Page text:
Distinction in travel journalism
Is independent travel journalism important to you?
Click here to keep it independent

27 Jan, 2015

Myanmar e-visas soaring, expansion to four Thai border checkpoints in the pipeline

Nay Pyi Taw, Myanmar — Proving that facilitating accessibility can be far more effective than big marketing budgets for spurring visitor arrivals, Myanmar’s e-visa system is averaging between 600-700 approvals a day, up from 100-200 a day when it was launched in Sepetmber 2014.

The numbers are set to grow exponentially this year when the number of checkpoints through which e-visa holders can pass is expanded to include four overland borders with neighbouring Thailand: Tachilek-Mae Sai, Myawady-Mae Sot, Kawthoung-Ranong and Htee Khee-Punaron.

At the moment, it is only available at Yangon, Mandalay and Nay Pyi Taw airports.

Opening up the overland border checkpoints will allow tour operators to easily add a Myanmar component to a Thailand tour, facilitate travel by FITs, open up more rural areas along the Thai-Myanmar border and enhance the overall appeal of visiting the Greater Mekong Subregion countries.

Official sources said that technically, the system is ready for installation at the overland checkpoints right away. Only the “official process” needs to be completed.

Applicants from the US head the list, followed by UK, Spain and Japan. Applications from Asia are lower because most of the Asian capitals have a Myanmar embassy close by. The system is a blessing for those who don’t have easy access to a diplomatic mission.

In fact, it eliminates entirely the hassle of going to an embassy. Passports don’t get held up, especially for frequent travellers, and it saves pages in the passport because there is no visa stamp, which can take up a whole page if cleared at an embassy.

Improvements are under way. The system started off with accepting only Visa and MasterCard for payment of the US$50 fee (which is non-refundable), but now accepts American Express. Other credit cards such as JCB of Japan and Chinese credit cards are set to be added. Approvals which took five working days in the beginning are down to about three days and projected at one or two days.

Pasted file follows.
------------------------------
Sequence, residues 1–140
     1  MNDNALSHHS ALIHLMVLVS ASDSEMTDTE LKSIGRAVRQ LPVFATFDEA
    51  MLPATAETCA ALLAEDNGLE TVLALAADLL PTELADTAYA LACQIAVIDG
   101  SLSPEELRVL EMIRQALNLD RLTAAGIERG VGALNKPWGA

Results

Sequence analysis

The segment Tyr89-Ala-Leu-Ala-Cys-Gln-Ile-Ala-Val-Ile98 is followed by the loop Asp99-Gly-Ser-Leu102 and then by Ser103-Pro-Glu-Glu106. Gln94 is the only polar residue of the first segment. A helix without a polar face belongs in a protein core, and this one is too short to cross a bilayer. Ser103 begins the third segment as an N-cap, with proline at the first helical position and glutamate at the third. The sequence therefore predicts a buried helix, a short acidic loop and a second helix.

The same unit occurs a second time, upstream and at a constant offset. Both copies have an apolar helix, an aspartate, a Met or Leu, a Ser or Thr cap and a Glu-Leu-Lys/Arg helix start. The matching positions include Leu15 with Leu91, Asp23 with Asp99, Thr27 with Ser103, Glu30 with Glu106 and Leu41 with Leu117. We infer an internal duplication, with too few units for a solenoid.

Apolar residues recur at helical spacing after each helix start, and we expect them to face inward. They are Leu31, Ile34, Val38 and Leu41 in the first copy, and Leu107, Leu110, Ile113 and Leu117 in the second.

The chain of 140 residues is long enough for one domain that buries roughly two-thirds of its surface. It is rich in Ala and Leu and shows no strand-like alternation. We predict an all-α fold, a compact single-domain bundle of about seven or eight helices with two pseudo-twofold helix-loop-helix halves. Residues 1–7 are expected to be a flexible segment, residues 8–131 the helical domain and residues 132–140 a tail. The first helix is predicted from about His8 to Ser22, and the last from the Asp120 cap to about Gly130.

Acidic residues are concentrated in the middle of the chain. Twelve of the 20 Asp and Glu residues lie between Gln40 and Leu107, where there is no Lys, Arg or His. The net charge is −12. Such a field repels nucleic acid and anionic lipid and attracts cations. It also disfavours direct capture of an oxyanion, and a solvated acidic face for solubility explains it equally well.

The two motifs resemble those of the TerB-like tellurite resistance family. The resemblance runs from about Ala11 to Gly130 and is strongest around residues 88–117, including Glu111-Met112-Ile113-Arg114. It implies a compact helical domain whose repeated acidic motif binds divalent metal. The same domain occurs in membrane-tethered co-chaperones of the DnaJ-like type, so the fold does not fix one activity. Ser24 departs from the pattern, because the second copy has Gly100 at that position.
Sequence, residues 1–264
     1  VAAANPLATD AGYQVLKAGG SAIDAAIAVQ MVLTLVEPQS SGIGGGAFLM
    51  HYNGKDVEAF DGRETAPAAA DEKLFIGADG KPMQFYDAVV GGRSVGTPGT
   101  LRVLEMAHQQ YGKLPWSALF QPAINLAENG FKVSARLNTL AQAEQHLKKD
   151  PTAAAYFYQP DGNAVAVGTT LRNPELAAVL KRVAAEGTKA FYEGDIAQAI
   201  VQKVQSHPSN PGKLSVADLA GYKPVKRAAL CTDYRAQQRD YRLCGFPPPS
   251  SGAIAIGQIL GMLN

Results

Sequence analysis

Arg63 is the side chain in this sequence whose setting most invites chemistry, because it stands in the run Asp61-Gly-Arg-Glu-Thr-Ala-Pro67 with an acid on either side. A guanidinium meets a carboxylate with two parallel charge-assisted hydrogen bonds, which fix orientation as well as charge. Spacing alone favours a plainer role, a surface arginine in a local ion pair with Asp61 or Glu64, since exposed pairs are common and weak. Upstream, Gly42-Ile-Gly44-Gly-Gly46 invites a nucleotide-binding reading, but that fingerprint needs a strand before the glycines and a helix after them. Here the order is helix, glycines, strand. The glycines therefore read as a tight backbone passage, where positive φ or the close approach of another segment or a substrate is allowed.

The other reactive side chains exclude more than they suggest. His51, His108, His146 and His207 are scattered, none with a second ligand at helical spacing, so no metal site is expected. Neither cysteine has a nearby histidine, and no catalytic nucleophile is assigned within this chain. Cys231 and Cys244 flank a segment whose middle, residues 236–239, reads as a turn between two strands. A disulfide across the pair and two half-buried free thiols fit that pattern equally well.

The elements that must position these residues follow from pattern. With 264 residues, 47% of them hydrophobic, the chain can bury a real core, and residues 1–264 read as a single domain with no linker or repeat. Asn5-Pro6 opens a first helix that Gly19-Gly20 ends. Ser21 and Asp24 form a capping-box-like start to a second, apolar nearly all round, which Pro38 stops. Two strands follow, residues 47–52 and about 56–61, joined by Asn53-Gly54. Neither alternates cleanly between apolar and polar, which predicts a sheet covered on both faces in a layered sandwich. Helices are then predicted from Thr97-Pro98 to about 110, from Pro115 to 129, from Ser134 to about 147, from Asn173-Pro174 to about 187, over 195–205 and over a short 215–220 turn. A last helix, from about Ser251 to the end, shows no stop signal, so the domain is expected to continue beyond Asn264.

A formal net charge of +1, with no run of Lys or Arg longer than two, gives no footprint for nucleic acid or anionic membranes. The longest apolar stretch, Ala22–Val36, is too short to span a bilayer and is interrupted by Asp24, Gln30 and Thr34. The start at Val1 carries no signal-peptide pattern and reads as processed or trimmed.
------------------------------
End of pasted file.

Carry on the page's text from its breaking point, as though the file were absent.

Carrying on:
Only 43 countries were eligible upon launch, and 24 were added just a month later, on 02 Oct 2014. It has now gone up to 100 countries, and more are in the pipeline.

Rejection rates are a fractional one or two a month.

Use of the e-visas is being heavily promoted. A detailed 16-page brochure offering a clear, step-by-step explanation of the e-visa application process was included in the delegate kits handed out to all the ASEAN Tourism Forum 2015 participants.

Official sources said that the system is operating smoothly, with no serious glitches. Applicants tend to attach photographs in large file sizes which jams up the system. However, a call centre operates during official working hours in Myanmar, and people can call in to get their individual questions sorted out.

Applicants get an e-mail confirmation and a letter with a bar-code which has to be presented to the airlines upon check-in for the flight to Myanmar.

The Myanmar authorities have their own blacklist and various other Interpol lists against which names of applicants are checked.

A key issue will be ensuring the adequate staff levels at the e-visa operational centre set up by the Minister of Immigration and Population to handle the workload. The whole process is going through its learning curve right now and being expanded and improved bit by bit.

It is also available only for single-entry visas for tourist purposes and a duration of 28 days. Those wanting double-entry visas have to apply twice.

Citizens of only six ASEAN countries do not need visas at all — Brunei, Cambodia, Indonesia, Laos, Philippines, and Vietnam.

Technical support for the system is being provided by a local private company, Myanmar EaseNet.

Website: http://evisa.moip.gov.mm